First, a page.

In the spring, custard apple trees blossom and produce fruit. Fruit ripens between June and August. Custard apple trees bear fruit again after three years, producing a second crop. This makes it possible to harvest two crops each year.

Custard apple trees are among the first trees to bloom in spring. They begin blooming about five weeks earlier than other apple trees.

RELATED: 28 Awesome Tropical Rainforest Plants (Including Pictures)

6. Oil Palm

oil palm tree

One of the most widespread tropical rainforest trees in the modern-day, oil palm trees are grown in pretty much every tropical region around the world, both in the wild in Africa where it originates from, and in many plantations in South and Central America, South Asia, and in the southwest Pacific.

Oil tree fruits usually take 6 months to ripen. Nuts are picked up after the fruits are ripe. To pick the nuts, workers must climb the oil palm trees. Workers use mechanical tools to remove the nuts from the trees.

7. Kauri Trees

Kauri Tree

One of the largest trees in the area that it grows, the Kauri tree is found in the Northern islands of New Zealand.

They grow in coastal areas and are often found along the beaches. They are slow-growing trees, and most people don’t realize that kauri trees can live over 200 years.

The wood of this tree is durable and has been used for centuries for furniture, flooring, boat building, house construction, and many other things.

Kauri trees produce a yellow sap called kaurin. This yellow sap is sticky and can be removed easily from the trunk. The Maori people of New Zealand have been using the sap as a natural treatment for insect bites and stings for hundreds of years.

In addition to its medicinal properties, the sap from kauri trees makes excellent glue. For example, kauri gum is used to create waterproof surfaces such as raincoats, boats, and rubber products. It is also used to make shoes and clothing.

When the first Europeans arrived in New Zealand, they saw kauri trees everywhere. Some of these trees were so tall that they could be seen from ships offshore.

These trees became famous among sailors and explorers for their height and strength. However, due to deforestation, these majestic trees are becoming rarer and rarer.

8. Xate

xate tree

Xate trees are native to Central America, Mexico, and South America. They grow up to 30 feet tall and can live for 300 years.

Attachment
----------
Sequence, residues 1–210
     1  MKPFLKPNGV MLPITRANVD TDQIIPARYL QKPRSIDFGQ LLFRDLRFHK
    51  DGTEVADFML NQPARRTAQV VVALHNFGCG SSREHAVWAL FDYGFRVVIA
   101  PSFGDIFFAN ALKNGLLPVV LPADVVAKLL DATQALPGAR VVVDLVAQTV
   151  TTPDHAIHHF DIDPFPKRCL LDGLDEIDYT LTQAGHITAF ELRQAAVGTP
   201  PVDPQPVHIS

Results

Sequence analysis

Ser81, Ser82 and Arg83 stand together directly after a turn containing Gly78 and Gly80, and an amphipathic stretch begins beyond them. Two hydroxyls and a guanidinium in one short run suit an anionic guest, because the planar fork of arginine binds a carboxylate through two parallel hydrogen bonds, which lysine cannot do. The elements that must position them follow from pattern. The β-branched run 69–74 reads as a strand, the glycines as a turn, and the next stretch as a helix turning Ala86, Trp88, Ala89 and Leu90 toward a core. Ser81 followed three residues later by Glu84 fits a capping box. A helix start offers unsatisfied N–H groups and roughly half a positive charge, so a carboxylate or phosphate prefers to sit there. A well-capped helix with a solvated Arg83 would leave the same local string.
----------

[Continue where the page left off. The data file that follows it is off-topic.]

They are deciduous and usually have a single trunk, although there may be multiple trunks. The leaves are dark green and shiny, and the flowers are white or yellowish.

There are different varieties of xate trees, including the common xate, which grows in northern Mexico, Guatemala, Honduras, and El Salvador.

Other types of tropical rainforest trees include the blue xate, which grows near San Francisco and California, and the huetamo, which grows in the jungle regions of Peru, Ecuador, Colombia, Venezuela, and Brazil.

The bark of the tree is used to produce the dye xato, which is black. This dye is sometimes called caxte.

9. Ipe

ipe tree

Ipe is one of the most common trees in Brazil. It grows well in tropical climates and is easily propagated from cuttings.

The wood is soft and white. Its sapwood is rich in tannins and contains large amounts of resins. These characteristics give ipe its typical black color.

Ipe is used extensively for furniture and flooring. It’s lightweight and resistant to moisture. Because of these properties, it’s often used in boats, railroads, and houses.

10. Strangler Fig Trees

Strangler Fig Trees

Strangler fig trees are native to South America. They are slow-growing trees and can live up to 200 years. The trunk of the strangler fig tree usually grows straight out from the ground, but occasionally curves to one side.

The strangler fig tree thrives in tropical climates and grows close to bodies of water. These types of tropical rainforest trees are most common along rivers, streams, swamps, and lakes.

Climbing fig trees are commonly used for ornamentation and privacy. Some people find these trees beautiful and peaceful. Climbing fig trees provide shade and shelter for birds and wildlife.

Strangler fig trees are often confused with oak trees. Both tree species can grow very tall, although strangler fig trees are much slower growing than oak trees.


So there you have it, 10 types of tropical rainforest trees that are grown in the tropics, but also across the world.

With such an ecological hotbed as these super-densely packed forests, there are thousands of species out there that we haven’t even begun to scratch the surface of.

We hope you learned something from this article, here are other articles that you can learn from:

24 Stunning Purple Trees (With Pictures)

25 Interesting Red Trees (Including Pictures)